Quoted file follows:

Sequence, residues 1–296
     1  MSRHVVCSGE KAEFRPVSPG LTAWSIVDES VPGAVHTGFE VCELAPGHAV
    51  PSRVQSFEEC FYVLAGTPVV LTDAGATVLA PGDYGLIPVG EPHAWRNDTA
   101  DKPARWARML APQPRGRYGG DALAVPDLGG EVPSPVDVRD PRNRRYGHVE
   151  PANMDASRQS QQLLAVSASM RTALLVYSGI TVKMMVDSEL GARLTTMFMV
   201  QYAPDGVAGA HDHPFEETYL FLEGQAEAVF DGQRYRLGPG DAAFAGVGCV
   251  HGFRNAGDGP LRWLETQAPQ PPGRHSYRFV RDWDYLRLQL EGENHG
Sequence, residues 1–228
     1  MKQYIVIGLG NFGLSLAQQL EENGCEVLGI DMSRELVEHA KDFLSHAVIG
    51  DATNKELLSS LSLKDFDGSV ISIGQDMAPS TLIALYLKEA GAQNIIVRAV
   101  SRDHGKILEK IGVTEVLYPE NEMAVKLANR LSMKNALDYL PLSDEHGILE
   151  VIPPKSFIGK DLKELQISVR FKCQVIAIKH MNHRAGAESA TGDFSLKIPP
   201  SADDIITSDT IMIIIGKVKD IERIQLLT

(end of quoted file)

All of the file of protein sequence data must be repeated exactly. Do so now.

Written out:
Sequence, residues 1–296
     1  MSRHVVCSGE KAEFRPVSPG LTAWSIVDES VPGAVHTGFE VCELAPGHAV
    51  PSRVQSFEEC FYVLAGTPVV LTDAGATVLA PGDYGLIPVG EPHAWRNDTA
   101  DKPARWARML APQPRGRYGG DALAVPDLGG EVPSPVDVRD PRNRRYGHVE
   151  PANMDASRQS QQLLAVSASM RTALLVYSGI TVKMMVDSEL GARLTTMFMV
   201  QYAPDGVAGA HDHPFEETYL FLEGQAEAVF DGQRYRLGPG DAAFAGVGCV
   251  HGFRNAGDGP LRWLETQAPQ PPGRHSYRFV RDWDYLRLQL EGENHG
Sequence, residues 1–228
     1  MKQYIVIGLG NFGLSLAQQL EENGCEVLGI DMSRELVEHA KDFLSHAVIG
    51  DATNKELLSS LSLKDFDGSV ISIGQDMAPS TLIALYLKEA GAQNIIVRAV
   101  SRDHGKILEK IGVTEVLYPE NEMAVKLANR LSMKNALDYL PLSDEHGILE
   151  VIPPKSFIGK DLKELQISVR FKCQVIAIKH MNHRAGAESA TGDFSLKIPP
   201  SADDIITSDT IMIIIGKVKD IERIQLLT